Of the four Munros that are called Geal Charn, this seems to be the only one that boasts a hyphen. It's useful when it comes to distinguishing the hills, because this one isn't Geal Charn (Loch Laggan), even though you start the walk-in from Loch Laggan. This one is Geal-Charn (Loch Pattack). (As you might expect, following this route, you go nowhere near Loch Pattack.) Geal Charn (Monadh Liath) (according to Cameron McNeish in The Munros) "rears up...north west of Laggan". (As it happens, I drove past Geal Charn (Drumochter) on the road up to Loch Laggan.)
I hope that's tolerably clear.
I didn't take all that many pictures during the early part of the walk. That was partly because I was following the same route I wandered over during the camping trip, and partly because the forecast had been so bleak that my phone was tucked up tight, in a drybag, in the depths of my rucksack. After about two hours though, as I reached the point where I had crossed the Allt Cam last time, I was forced to (a) accept it was Quite A Nice Day After All, and (b) slather on the sun cream. It wasn't all plain sailing though, as the recent rainfall had made the burn crossing a bit of a different proposition this time around. There were a few spots where big boulders would have probably made possible stepping stones, but they were at rather fast flowing sections, and Jorja wasn't having it. There were also bits where she was quite happy to paddle across, but that would have resulted in miserably wet feet for me at a relatively early stage in the day, so I kept on the north side of the burn for a while, walking to the east, which was still taking me hillwards.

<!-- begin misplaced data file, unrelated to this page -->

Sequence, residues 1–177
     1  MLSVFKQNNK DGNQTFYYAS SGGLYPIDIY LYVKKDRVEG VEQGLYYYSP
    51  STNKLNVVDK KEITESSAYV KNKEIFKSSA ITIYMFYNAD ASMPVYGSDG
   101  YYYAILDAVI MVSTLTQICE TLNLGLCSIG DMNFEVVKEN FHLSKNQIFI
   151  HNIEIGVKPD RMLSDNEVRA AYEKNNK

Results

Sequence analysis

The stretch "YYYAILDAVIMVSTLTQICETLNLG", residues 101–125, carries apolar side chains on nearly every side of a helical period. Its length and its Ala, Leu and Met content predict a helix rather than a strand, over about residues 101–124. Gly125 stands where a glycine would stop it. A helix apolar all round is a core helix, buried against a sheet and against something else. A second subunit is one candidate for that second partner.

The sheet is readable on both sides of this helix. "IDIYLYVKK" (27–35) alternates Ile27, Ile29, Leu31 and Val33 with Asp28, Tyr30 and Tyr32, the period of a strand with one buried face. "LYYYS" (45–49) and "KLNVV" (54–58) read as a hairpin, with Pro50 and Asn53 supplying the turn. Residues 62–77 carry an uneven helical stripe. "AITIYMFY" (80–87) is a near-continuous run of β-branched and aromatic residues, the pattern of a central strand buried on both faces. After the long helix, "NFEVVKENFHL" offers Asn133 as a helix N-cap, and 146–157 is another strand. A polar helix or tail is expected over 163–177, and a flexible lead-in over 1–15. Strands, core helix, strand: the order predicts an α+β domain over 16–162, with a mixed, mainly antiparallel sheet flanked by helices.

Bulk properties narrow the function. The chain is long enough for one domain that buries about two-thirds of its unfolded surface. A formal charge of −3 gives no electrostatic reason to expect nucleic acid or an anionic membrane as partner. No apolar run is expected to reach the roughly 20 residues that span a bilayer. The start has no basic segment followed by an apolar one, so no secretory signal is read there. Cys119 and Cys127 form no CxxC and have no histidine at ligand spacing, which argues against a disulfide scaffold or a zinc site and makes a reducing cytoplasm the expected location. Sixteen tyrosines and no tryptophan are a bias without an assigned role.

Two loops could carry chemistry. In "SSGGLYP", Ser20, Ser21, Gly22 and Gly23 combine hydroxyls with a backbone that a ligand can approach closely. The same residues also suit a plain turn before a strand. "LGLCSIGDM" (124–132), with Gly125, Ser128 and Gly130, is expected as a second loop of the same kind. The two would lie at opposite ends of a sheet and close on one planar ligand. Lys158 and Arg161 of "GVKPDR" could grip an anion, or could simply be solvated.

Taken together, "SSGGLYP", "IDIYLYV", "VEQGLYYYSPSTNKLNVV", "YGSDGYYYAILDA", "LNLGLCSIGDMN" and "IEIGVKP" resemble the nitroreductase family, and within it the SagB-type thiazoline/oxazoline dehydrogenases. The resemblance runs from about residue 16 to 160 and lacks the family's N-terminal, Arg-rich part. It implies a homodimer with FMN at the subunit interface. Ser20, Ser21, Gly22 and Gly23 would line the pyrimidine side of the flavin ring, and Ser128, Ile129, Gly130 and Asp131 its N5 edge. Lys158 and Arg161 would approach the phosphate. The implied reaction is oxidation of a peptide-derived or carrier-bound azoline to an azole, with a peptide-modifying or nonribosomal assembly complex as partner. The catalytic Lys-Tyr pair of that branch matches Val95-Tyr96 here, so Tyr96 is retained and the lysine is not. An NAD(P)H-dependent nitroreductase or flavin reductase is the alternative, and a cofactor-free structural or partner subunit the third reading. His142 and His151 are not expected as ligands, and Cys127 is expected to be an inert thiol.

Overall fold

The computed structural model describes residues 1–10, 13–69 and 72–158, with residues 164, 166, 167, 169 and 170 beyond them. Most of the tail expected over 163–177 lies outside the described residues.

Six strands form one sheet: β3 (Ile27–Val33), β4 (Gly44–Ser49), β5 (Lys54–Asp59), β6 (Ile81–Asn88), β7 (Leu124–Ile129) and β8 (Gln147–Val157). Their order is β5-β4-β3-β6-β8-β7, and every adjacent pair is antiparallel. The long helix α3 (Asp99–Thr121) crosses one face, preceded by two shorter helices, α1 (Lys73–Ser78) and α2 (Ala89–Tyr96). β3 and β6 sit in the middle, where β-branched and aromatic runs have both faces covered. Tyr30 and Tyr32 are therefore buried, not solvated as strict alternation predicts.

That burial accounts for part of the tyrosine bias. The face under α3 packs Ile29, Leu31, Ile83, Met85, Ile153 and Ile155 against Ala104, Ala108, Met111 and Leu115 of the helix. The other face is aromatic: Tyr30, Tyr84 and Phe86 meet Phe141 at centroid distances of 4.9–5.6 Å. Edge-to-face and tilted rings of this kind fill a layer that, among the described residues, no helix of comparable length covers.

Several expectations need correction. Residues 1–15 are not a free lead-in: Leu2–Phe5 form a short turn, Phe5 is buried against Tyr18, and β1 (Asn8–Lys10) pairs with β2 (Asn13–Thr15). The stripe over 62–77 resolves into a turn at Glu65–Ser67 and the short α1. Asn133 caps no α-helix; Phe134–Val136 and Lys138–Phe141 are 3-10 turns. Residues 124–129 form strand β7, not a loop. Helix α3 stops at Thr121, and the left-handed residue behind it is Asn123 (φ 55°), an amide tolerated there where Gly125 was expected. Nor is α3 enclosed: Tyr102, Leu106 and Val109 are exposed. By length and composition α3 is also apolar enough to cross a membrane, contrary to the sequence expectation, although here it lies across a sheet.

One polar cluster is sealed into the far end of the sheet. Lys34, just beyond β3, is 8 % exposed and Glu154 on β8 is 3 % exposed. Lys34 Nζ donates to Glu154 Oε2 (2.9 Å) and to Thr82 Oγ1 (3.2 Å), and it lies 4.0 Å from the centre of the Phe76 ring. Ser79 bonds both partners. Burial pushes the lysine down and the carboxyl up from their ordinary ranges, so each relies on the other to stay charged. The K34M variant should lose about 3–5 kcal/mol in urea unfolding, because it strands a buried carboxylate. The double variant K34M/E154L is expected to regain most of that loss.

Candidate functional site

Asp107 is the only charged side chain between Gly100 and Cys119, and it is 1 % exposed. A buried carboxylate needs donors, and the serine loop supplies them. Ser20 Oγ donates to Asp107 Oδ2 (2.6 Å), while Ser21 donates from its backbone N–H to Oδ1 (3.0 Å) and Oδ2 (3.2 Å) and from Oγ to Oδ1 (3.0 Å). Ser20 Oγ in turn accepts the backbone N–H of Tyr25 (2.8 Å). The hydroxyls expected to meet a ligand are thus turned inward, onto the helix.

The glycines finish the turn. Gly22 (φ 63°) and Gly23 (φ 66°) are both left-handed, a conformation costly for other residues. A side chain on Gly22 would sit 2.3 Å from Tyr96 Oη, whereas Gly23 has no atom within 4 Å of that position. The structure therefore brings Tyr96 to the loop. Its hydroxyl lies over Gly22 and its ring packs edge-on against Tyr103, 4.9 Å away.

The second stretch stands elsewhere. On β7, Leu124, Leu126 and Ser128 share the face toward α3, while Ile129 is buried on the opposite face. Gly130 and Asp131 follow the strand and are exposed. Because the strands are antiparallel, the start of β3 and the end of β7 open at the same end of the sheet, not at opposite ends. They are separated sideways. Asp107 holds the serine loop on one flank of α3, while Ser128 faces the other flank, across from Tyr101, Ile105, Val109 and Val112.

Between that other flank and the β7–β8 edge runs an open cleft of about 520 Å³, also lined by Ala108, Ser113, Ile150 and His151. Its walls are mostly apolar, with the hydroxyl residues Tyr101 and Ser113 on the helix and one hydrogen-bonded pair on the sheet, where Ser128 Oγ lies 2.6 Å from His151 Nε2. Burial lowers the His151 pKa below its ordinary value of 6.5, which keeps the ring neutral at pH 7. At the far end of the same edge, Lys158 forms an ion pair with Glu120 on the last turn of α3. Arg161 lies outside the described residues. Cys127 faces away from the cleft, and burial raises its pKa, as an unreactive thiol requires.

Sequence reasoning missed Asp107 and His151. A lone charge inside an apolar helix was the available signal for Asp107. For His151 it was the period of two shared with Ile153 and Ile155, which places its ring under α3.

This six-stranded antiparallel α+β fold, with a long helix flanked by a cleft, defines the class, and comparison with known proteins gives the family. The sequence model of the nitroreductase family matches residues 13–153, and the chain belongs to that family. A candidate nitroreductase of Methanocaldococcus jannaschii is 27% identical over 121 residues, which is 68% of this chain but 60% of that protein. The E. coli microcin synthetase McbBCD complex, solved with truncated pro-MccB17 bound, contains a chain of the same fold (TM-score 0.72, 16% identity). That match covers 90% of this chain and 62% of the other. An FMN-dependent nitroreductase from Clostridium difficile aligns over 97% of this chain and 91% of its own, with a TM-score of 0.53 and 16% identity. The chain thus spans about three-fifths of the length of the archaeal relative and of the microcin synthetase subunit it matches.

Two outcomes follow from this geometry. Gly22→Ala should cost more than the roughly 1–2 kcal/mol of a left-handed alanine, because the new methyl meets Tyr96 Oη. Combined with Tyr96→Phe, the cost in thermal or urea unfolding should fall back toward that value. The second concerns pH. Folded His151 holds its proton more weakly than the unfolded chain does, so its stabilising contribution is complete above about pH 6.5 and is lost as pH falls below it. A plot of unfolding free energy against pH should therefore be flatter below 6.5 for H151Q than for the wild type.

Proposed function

|Passing Meall Nathrach en route. Hill of the Snake, apparently.
There's a semblance of a boggy path most of the way, not marked on the map, right next to the burn. After a couple of kilometres or so, we found a stony spit affair which combined with a couple of bigger boulders got me and the dug across without too much water ingress.
The terrain once on the other side consisted of more of yon tussocky peat hags that are a pain in the tonsils, but they were relatively short-lived this time. The benign conditions meant that I could always pick out a likely route to the skyline, basically going up the steep slopes that form the north curve of Coire na Coichille. When I say steep, I mean it, incidentally. The combination of unhelpful terrain, a big walk-in and - you know I'm going to use this word - relentless ascent results in a walk that takes longer than you feel it should. It's a fairly long way, certainly (about 16 miles, I reckon), but somehow I expected to make faster progress. It's possibly psychological, because I could see where I was going the whole time, and how little impression I was making on it. Or it's possibly physical, because I'm a fat bastard.
|Looking over to the south side of Beinn a' Chlachair. To postpone the ascent of Geal-Charn, mainly.
|The bealach between Aonach Beag (on the right) and Geal-Charn.
|The line of least resistance skirts to the left of that rubbly foreground hump
In truth, although the slopes are steep, they're fine and grassy higher up. Better than tussocks, certainly.
|This is more like it. Beinn a' Chlachair in the background, again.
|Looking north west, down An Lairig. Where we'd just come from, in other words. (Yon Snake Hill, left of centre.)
...and I took a few more photies then turned round and retraced my steps.
|Ben Alder looming in the distance
|Beinn Eibhinn keeking out from behind Aonach Beag
|"Pose for summit photo with different backdrop I will, hmmm?"
An unexpectedly grand day out.